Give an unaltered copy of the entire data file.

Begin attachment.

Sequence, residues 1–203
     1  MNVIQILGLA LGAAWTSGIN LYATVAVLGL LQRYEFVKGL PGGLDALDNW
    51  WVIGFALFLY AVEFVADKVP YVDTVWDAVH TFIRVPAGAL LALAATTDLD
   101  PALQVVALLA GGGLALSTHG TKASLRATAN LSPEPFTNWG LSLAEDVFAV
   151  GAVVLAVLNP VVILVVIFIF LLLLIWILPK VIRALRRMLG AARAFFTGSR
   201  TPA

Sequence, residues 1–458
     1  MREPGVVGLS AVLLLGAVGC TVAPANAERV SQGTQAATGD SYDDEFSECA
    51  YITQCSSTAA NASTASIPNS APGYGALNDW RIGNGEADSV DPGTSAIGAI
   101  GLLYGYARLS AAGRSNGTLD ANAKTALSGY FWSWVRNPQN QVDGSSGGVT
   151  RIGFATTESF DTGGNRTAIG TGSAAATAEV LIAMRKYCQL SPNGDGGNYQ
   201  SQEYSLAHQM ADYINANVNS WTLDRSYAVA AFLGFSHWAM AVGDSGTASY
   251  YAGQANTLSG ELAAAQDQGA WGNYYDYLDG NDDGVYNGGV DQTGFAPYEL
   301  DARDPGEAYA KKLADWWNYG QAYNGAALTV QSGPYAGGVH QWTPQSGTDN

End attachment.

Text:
Sequence, residues 1–203
     1  MNVIQILGLA LGAAWTSGIN LYATVAVLGL LQRYEFVKGL PGGLDALDNW
    51  WVIGFALFLY AVEFVADKVP YVDTVWDAVH TFIRVPAGAL LALAATTDLD
   101  PALQVVALLA GGGLALSTHG TKASLRATAN LSPEPFTNWG LSLAEDVFAV
   151  GAVVLAVLNP VVILVVIFIF LLLLIWILPK VIRALRRMLG AARAFFTGSR
   201  TPA

Sequence, residues 1–458
     1  MREPGVVGLS AVLLLGAVGC TVAPANAERV SQGTQAATGD SYDDEFSECA
    51  YITQCSSTAA NASTASIPNS APGYGALNDW RIGNGEADSV DPGTSAIGAI
   101  GLLYGYARLS AAGRSNGTLD ANAKTALSGY FWSWVRNPQN QVDGSSGGVT
   151  RIGFATTESF DTGGNRTAIG TGSAAATAEV LIAMRKYCQL SPNGDGGNYQ
   201  SQEYSLAHQM ADYINANVNS WTLDRSYAVA AFLGFSHWAM AVGDSGTASY
   251  YAGQANTLSG ELAAAQDQGA WGNYYDYLDG NDDGVYNGGV DQTGFAPYEL
   301  DARDPGEAYA KKLADWWNYG QAYNGAALTV QSGPYAGGVH QWTPQSGTDN